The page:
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The Benefits of Using Bentonite Clay on Your Hair

You’ve probably heard about a clay mask for your face before. But have you heard about the benefits for using clay on your hair? Is clay the new all natural shampoo? Simply put, Clay is aged volcanic ash or powder. Although Bentonite clay is widely used, it is not the only known clay on the market.  Montmorillonite clay is another clay powder that can be used on the hair. It is named after a region of France called Montmorillon, where the clay was first discovered. Bentonite clay, on the other hand, was found in Benton, Wyoming. Bentonite, therefore, became its trade name. Clay contains Silica, Calcium, Magnesium, Potassium, Iron,  Sodium, and Copper. Clay can be ingested or applied topically. It absorbs impurities and removes toxins from the hair.


            Bentonite clay produces an electric charge when added to water. Therefore, when applied to wet hair, it binds together and stays united with the hair while the positively charged products from the hair get absorbed by the clay mixture. Let me see if I can explain this a little better. The clay absorbs the liquid, then it expands to attract toxins. Then it binds to the bacteria and toxins on the surface of the hair and removes them.

How to use Bentonite Clay on your hair

 Before you start using clay on your hair, keep in mind that clay alkalizes the hair. It needs to be mixed with an acidic liquid to balance  out the pH level of the hair. Also, the clay powder should be mixed in a plastic or glass bowl using a wooden or plastic spoon because clay absorbs metal and becomes less attractive as a result. And the most important thing is to make sure that you buy a clay powder that does not contain any lead. Some companies try to get smart and add lead to their clay powder.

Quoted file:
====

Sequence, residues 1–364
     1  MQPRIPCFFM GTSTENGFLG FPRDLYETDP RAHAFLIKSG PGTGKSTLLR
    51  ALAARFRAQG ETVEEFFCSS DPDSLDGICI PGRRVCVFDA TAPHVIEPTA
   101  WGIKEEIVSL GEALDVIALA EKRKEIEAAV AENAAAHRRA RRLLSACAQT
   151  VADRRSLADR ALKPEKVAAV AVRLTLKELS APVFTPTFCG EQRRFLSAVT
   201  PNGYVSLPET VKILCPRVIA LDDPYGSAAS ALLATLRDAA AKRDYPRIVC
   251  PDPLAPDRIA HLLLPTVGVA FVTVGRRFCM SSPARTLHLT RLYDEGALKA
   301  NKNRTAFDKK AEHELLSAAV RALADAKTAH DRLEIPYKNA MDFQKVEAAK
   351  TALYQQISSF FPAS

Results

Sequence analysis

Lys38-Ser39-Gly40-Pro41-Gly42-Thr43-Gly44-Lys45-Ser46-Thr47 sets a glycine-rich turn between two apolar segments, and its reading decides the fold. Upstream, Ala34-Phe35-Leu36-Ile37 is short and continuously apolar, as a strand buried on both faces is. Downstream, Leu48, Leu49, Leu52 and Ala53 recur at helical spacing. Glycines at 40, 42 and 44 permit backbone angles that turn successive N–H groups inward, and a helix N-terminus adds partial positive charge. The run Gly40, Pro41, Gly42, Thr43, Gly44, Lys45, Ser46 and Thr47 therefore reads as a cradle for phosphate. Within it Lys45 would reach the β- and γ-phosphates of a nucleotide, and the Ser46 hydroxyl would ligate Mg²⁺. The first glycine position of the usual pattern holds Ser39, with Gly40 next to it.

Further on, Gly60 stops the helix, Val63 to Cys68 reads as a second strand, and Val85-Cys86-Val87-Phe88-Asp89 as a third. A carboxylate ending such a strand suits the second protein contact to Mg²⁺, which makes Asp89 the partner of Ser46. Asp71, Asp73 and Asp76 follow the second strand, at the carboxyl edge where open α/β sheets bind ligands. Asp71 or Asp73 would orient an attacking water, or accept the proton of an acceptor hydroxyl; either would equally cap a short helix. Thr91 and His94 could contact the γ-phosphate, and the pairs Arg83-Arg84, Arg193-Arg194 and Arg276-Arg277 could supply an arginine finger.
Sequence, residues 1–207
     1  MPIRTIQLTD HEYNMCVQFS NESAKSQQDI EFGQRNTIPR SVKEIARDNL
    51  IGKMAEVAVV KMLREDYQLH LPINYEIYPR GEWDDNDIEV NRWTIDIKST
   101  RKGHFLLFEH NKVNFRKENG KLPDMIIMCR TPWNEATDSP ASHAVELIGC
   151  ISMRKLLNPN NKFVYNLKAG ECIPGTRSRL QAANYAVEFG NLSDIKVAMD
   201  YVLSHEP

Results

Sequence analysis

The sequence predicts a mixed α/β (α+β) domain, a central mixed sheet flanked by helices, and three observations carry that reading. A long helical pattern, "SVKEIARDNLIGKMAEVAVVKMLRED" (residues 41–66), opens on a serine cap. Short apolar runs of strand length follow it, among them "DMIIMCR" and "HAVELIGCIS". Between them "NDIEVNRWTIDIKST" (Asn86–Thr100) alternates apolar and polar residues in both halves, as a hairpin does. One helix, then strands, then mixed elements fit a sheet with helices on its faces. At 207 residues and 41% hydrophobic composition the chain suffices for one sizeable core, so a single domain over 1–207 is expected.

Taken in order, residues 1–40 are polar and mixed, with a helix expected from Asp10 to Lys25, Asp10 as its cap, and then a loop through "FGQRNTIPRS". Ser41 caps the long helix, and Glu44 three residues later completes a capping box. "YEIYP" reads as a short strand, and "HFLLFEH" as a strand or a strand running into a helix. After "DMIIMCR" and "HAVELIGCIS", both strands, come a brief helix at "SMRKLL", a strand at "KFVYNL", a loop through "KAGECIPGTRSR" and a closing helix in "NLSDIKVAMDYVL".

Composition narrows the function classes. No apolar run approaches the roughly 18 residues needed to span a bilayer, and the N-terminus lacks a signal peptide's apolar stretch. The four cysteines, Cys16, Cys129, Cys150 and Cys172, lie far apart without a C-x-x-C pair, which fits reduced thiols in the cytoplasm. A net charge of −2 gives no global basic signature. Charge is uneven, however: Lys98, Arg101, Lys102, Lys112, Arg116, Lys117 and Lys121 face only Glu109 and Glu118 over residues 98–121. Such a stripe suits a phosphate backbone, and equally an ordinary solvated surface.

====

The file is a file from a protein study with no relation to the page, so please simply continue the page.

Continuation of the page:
Bentonite Clay Mask Recipe/Ingredients

  • 1 cup pure clay powder
  • 1/2 cup Apple Cider Vinegar
  • 1-2 cups warm water
  • 1 tablespoon of honey
  • 1 tablespoon of olive oil

I  use Apple Cider Vinegar when making my clay mask, but I rarely measure anything. I add water as needed to reach the desired consistency. The vinegar is added in small portion until I get a yogurt consistency or a thick paste, then I add the water.  The reason is because the neutralization process and the chemical reaction is more noticeable when vinegar is used. How much clay powder you use is up to you, and depends on how dense your hair is.

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